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This article was published 6/11/2019 (318 days ago), so information in it may no longer be current.
Tyler Myers was all for a major move, particularly when he finally had a say on where the road would lead.
Now, months after taking full advantage of his first crack at unrestricted free agency, the ex-Winnipeg Jets defenceman doesn't even try to temper his enthusiasm of being one of the new faces on the upstart Vancouver Canucks.
"It's going really well, thanks for asking. It's been everything we'd hoped for," Myers told the Free Press earlier this week. "It's been pretty seamless coming here. It’s always tough leaving guys from your previous team. That was the hardest part when I left Buffalo and it was the same leaving Winnipeg.
"But when I jumped in the room in Vancouver, the guys welcomed all of us new guys very quickly and the transition was very easy. It was nice to come in and have it feel natural."
Myers, who turns 30 in February, returns to Winnipeg on Friday night as the Canucks and Jets collide at Bell MTS Place. Game time is 7 p.m.
After spending parts of five at-times trying seasons with the Jets, Myers headed west, signing a five-year contract worth an average annual value of US$6 million. It was, perhaps, the least surprising news to come out of the July 1 free-agent frenzy, as it was no secret the towering, mobile blue-liner was at the top of Vancouver general manager Jim Benning's wish list.
Indeed, it's a significant number, and the cash-strapped Jets were in no position to offer the same money and term, particularly for a player who wasn't on their top duo and, for long stretches, was cast as a third-pairing defenceman.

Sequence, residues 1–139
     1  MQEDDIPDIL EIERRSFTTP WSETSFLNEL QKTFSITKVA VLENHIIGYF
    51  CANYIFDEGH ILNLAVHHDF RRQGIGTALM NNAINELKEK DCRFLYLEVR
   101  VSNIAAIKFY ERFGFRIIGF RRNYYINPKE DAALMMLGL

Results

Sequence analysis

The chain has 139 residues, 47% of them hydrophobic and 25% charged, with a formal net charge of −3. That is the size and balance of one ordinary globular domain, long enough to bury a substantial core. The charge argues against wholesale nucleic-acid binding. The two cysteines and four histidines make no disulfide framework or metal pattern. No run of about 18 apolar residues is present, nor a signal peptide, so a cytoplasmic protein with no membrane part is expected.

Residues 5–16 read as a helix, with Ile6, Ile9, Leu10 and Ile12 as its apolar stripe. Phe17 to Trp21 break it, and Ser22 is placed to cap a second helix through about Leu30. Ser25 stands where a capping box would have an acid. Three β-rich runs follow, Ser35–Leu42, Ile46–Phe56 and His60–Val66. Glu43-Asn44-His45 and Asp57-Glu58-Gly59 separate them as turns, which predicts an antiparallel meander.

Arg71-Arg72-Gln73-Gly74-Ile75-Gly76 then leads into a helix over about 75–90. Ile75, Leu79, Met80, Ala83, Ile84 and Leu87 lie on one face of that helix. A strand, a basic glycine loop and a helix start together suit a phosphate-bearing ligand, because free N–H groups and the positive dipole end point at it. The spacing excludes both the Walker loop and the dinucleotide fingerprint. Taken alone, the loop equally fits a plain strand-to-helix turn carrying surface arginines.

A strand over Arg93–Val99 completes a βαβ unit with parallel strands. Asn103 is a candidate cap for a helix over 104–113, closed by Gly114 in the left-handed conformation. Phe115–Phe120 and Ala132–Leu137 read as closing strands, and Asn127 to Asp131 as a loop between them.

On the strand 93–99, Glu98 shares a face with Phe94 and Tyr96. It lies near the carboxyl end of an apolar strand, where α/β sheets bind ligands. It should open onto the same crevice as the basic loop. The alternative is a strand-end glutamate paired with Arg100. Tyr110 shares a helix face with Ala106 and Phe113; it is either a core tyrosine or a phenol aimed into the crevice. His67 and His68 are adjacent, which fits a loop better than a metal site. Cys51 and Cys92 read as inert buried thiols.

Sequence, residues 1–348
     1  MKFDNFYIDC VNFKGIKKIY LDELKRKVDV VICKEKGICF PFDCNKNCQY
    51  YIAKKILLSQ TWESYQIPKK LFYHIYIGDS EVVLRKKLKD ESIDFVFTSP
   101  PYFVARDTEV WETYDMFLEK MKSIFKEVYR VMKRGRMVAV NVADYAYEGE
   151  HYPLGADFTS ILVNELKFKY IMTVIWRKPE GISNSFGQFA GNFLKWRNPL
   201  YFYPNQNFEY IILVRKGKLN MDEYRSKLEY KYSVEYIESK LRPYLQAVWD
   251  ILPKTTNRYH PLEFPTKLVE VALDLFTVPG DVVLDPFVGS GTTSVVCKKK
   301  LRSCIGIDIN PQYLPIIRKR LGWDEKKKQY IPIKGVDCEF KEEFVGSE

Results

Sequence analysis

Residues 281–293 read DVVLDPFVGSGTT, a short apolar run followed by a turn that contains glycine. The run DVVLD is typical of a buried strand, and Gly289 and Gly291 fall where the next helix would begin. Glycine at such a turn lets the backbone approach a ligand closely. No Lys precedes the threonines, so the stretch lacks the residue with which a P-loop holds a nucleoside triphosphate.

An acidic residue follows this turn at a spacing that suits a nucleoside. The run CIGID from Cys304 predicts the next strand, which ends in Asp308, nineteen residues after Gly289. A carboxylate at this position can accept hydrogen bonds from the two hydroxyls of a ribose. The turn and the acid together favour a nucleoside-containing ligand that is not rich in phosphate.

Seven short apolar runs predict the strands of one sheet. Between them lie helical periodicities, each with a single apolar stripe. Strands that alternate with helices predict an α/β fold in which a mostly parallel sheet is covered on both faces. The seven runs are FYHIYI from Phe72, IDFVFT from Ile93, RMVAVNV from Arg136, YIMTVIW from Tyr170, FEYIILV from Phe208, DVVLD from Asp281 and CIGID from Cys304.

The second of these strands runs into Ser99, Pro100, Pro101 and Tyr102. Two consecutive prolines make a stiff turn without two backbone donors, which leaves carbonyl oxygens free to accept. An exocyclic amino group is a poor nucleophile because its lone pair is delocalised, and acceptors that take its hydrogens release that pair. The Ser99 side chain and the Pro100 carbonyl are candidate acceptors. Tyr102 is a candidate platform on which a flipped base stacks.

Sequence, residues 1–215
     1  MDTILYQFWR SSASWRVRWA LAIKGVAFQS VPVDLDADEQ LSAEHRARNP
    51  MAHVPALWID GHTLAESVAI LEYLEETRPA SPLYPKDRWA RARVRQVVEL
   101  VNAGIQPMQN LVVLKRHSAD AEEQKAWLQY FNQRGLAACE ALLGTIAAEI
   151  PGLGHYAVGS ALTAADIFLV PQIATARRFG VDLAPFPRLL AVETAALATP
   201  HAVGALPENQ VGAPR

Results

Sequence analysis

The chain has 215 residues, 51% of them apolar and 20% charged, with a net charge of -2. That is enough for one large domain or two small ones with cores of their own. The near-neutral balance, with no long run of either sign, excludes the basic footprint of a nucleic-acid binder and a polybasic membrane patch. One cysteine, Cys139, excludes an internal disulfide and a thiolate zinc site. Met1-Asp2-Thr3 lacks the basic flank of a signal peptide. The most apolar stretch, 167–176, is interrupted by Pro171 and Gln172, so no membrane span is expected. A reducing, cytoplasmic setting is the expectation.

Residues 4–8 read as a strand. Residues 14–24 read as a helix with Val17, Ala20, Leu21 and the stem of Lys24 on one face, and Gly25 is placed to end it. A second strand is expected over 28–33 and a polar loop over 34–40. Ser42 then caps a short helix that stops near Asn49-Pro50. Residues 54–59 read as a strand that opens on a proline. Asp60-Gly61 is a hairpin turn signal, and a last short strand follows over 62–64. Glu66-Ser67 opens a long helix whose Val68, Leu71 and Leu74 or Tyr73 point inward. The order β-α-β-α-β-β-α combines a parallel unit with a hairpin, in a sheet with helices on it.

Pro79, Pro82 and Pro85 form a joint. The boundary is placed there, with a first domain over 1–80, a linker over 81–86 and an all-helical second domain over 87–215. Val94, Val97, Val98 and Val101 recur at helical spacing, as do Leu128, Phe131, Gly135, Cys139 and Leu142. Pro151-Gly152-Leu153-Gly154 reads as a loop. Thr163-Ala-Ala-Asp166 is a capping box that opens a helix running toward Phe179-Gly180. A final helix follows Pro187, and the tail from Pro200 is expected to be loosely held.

Jets GM Kevin Cheveldayoff made only a perfunctory inquiry about his desire to remain in Winnipeg during exit interviews after the club bowed out to the St. Louis Blues in the opening round of the playoffs, said Myers, who was born in Houston but grew up in the Calgary area.
"They expressed some interest, but once (the meeting) was over there wasn’t much communication after that," he said. "The sense was it was coming to an end. I had communicated that things had gone well with my time in Winnipeg and if there was a spot for me, I’d be happy to talk about re-signing. I found out in the weeks after the season ended it was looking like free agency was going to be my route, and Vancouver, ultimately, ended up being the best fit for me. That’s the business part of the game."
Those who watched a lot of Myers since his arrival in February 2015 in the blockbuster trade that sent Evander Kane and Zach Bogosian to the Sabres likely viewed his deal as an overpayment by the Canucks. In Winnipeg, he showed flashes of his former Calder Trophy form (in 2010 he was the NHL's rookie of the year) and his offensive numbers were solid.
However, his defensive deficiencies were hard to ignore.
For a giant on skates, Myers (6-8, 229 pounds) was passive at defending the space in front of the net, turned the puck over with frequency and was caught chasing opponents' talented forwards for extended stretches. Those significant problems were a byproduct of the fact he spent the majority of his time at even strength playing alongside Dmitry Kulikov, whose struggles in his own end are apparent.
Myers' most effective tool was his massive range — when his gap was off, he had that reach to fall back on. And his offensive output made up for some of his shortcomings. In his final two seasons in Winnipeg, Myers posted six goals and 30 assists in 2017-18 and nine goals and 22 helpers in 2018-19.